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The 35/39 Trial

Induction of labour versus expectant management for women over 35 years of age

Welcome to the 35/39 Trial website

British women are increasingly delaying childbirth. The longer they wait the greater the risk of pregnancy complications. One concern is the increased risk of stillbirth (baby dying before birth).

The aim of our trial is to find out how best to manage the pregnancies of women expecting their first baby over the age of thirty-five years.

Labour is a natural process that usually starts on its own. Sometimes it needs to be started artificially; this is called ‘induced labour’. We don’t know whether it is better to induce labour a week early (39 weeks) for pregnant women who are over thirty-five years old, or to wait for them to go into labour spontaneously. Starting labour a week early might prevent a small number of stillbirths, but it might also lead to longer labours and possibly more Caesarean births. To find out, we need to compare these two different ways of managing women.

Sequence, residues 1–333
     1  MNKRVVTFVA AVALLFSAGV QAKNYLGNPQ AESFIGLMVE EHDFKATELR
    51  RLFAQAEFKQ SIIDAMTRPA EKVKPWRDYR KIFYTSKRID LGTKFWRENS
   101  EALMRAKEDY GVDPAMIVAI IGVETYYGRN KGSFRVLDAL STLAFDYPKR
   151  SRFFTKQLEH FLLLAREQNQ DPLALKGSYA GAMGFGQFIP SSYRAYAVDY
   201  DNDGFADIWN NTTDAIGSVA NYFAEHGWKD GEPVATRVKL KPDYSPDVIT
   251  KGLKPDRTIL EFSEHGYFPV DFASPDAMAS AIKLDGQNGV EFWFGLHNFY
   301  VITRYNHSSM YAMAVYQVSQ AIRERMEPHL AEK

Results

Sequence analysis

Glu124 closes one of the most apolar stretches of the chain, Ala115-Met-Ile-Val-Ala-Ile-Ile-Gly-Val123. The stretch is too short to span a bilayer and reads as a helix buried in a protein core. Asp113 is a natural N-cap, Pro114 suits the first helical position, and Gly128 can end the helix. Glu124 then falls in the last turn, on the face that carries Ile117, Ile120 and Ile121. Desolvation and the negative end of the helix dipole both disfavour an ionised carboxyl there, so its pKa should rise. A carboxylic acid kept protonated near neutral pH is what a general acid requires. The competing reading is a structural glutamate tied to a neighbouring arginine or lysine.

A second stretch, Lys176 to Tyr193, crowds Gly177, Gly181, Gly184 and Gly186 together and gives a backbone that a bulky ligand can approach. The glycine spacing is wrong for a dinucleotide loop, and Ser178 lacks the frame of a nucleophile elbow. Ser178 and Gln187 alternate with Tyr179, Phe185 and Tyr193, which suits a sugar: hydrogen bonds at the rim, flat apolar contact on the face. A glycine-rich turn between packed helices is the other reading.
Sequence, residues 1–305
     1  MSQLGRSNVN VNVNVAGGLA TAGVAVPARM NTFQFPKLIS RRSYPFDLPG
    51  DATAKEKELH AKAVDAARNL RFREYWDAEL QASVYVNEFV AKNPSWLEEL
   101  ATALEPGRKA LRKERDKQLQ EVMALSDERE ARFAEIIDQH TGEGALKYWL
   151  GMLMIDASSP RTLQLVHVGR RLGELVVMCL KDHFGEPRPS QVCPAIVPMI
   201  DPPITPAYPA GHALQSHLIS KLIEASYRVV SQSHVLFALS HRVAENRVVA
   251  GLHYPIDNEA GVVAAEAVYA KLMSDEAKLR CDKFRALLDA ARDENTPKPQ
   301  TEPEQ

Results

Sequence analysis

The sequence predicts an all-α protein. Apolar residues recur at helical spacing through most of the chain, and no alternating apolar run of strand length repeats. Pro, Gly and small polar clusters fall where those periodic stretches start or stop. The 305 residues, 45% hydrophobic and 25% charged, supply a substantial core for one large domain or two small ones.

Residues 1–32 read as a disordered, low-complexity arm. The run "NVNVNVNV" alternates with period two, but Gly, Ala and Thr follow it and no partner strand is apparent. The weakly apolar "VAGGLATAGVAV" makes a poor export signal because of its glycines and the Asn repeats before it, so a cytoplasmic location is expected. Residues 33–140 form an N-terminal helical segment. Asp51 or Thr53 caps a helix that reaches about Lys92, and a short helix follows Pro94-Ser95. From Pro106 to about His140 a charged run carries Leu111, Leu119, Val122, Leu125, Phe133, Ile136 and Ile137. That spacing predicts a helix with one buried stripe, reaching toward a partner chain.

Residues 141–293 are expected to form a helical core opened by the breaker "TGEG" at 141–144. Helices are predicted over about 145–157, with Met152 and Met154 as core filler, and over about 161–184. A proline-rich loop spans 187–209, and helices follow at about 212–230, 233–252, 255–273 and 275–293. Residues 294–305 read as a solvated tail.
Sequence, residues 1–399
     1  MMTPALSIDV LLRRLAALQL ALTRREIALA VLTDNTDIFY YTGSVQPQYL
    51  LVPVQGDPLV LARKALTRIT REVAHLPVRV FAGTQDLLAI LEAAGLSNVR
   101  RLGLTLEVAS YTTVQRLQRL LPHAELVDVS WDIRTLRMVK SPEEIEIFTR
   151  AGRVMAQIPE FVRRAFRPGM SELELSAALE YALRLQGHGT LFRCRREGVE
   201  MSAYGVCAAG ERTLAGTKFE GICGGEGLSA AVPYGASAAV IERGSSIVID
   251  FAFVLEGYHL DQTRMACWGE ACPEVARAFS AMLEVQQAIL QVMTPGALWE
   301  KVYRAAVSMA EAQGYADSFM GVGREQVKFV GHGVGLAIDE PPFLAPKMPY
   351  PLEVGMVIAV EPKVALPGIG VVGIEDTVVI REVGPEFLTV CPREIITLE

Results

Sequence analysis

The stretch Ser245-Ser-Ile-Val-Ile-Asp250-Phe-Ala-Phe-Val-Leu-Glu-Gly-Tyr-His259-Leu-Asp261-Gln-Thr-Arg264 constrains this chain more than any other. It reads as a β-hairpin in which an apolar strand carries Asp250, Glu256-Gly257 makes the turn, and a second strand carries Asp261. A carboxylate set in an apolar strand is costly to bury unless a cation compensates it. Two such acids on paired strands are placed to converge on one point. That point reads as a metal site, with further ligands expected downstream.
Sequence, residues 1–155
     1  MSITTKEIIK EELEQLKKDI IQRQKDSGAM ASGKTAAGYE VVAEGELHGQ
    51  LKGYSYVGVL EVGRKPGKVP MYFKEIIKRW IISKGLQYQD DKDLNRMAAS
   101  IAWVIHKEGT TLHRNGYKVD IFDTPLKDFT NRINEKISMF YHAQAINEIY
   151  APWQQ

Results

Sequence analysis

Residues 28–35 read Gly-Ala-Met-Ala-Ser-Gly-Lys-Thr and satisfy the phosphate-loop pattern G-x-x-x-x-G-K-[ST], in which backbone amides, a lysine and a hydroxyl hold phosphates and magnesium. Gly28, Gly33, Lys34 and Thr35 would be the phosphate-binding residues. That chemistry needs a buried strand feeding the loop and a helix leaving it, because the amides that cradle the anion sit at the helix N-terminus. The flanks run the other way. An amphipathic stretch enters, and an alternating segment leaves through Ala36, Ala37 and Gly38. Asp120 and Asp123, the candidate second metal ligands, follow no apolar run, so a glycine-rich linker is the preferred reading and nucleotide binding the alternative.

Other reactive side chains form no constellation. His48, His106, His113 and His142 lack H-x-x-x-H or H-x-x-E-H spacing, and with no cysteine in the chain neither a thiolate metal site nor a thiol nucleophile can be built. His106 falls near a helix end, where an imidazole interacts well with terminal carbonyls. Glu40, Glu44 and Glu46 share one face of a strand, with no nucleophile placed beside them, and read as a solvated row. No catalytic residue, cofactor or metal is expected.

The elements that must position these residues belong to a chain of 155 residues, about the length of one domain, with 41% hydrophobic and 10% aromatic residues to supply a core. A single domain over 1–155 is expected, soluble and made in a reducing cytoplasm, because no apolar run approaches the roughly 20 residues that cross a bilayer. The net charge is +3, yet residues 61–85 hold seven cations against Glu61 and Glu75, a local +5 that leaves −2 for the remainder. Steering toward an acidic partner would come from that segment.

We will put women into two groups each with a different management plan. The results will be compared to see which is better. To ensure the groups are the same to start with, each patient is allocated by chance. This is known as a randomised trial.

The two groups are:
  1. Induction of labour at 39 weeks
  2. No intervention until the normal time for inducing labour between 7 and 14 days overdue.

The main purpose is to see whether inducing the labour of women over 35 years of age at 39 weeks, increases, or decreases their risk of needing a caesarean birth.

We plan to recruit 630 women from 12 centres across the UK over two years.

Recruitment status

If you would like more information on the trial or are interested in participating, please click here.

If you are an investigator and are looking for the randomisation website, please click here.

Last updated : Tuesday, July 30, 2013 7:56 AM